To the degree that a resuscitated institutional economics yields interesting insights and implications about alternative modes of regulation and working rules in the employment sphere, industrial relations gains a valuable conceptual tool for thinking about new institutional architectures for workplace governance and new labour policies that better match the new economy and new workforce.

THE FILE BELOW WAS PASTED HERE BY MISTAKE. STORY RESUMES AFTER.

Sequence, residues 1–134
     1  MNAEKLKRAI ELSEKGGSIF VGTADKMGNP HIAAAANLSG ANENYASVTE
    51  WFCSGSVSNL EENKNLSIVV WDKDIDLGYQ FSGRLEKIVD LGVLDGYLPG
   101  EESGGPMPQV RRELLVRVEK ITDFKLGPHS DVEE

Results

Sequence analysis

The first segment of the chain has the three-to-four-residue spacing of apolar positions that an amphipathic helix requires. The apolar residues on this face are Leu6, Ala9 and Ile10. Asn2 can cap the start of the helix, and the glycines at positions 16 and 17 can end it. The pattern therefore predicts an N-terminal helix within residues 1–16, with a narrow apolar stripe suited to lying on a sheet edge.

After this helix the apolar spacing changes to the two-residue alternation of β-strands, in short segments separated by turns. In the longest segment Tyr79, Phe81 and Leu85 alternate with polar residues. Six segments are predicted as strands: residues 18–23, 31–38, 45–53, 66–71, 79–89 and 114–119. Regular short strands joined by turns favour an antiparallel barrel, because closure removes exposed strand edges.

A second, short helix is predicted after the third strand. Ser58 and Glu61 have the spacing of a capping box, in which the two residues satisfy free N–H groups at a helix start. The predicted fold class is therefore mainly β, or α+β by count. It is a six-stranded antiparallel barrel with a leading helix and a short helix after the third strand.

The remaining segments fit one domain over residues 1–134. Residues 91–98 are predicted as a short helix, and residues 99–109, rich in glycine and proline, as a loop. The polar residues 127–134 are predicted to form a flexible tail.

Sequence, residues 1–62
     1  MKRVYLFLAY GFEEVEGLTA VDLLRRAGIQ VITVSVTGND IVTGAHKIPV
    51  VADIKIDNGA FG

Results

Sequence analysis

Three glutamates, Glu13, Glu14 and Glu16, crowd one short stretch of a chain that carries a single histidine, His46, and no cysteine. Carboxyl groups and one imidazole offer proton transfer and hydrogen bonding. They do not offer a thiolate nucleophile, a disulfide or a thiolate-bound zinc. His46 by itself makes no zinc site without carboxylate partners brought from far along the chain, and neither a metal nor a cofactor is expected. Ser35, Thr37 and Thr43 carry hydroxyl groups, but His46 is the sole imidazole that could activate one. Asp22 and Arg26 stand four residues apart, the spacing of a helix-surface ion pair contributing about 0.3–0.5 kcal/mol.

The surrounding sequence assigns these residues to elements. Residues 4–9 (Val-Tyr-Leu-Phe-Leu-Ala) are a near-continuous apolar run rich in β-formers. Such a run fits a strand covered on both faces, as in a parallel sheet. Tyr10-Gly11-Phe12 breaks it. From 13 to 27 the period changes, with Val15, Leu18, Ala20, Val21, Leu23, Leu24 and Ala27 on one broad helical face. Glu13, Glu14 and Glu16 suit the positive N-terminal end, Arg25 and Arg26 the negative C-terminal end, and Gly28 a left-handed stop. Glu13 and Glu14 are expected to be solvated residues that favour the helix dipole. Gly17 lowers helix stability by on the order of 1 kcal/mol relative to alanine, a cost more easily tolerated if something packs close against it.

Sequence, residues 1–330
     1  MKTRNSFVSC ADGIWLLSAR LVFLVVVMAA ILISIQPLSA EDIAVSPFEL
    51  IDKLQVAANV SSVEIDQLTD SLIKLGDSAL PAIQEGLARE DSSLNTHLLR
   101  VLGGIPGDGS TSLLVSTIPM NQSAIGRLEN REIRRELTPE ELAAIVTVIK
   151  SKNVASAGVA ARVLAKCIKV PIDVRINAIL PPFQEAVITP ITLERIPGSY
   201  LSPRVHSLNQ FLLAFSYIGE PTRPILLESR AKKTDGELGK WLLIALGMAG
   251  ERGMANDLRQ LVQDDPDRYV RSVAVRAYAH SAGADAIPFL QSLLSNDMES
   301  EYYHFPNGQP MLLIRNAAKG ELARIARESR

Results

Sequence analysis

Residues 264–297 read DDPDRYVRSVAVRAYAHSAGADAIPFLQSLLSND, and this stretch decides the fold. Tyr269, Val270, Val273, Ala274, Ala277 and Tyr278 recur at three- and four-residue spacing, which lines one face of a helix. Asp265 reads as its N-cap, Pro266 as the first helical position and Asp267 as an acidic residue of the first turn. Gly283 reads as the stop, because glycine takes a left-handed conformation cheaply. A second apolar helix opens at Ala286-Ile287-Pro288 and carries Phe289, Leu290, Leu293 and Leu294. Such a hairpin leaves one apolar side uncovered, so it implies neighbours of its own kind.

Alternatively, if through institutional economics industrial relations can develop an integrative theory of the employment relationship, the field will be well-positioned to reclaim its original broad territory in the social sciences as “the study of all aspects of employment”. REFERENCES Ackers P and Payne J (2002) British trade unions and social partnership: Rhetoric reality and strategy international journal of human resource management Albeda W (1986) European industrial relations in a time of crisis in P Drenth et al eds Handbook of work and organisational psychology New York John Wiley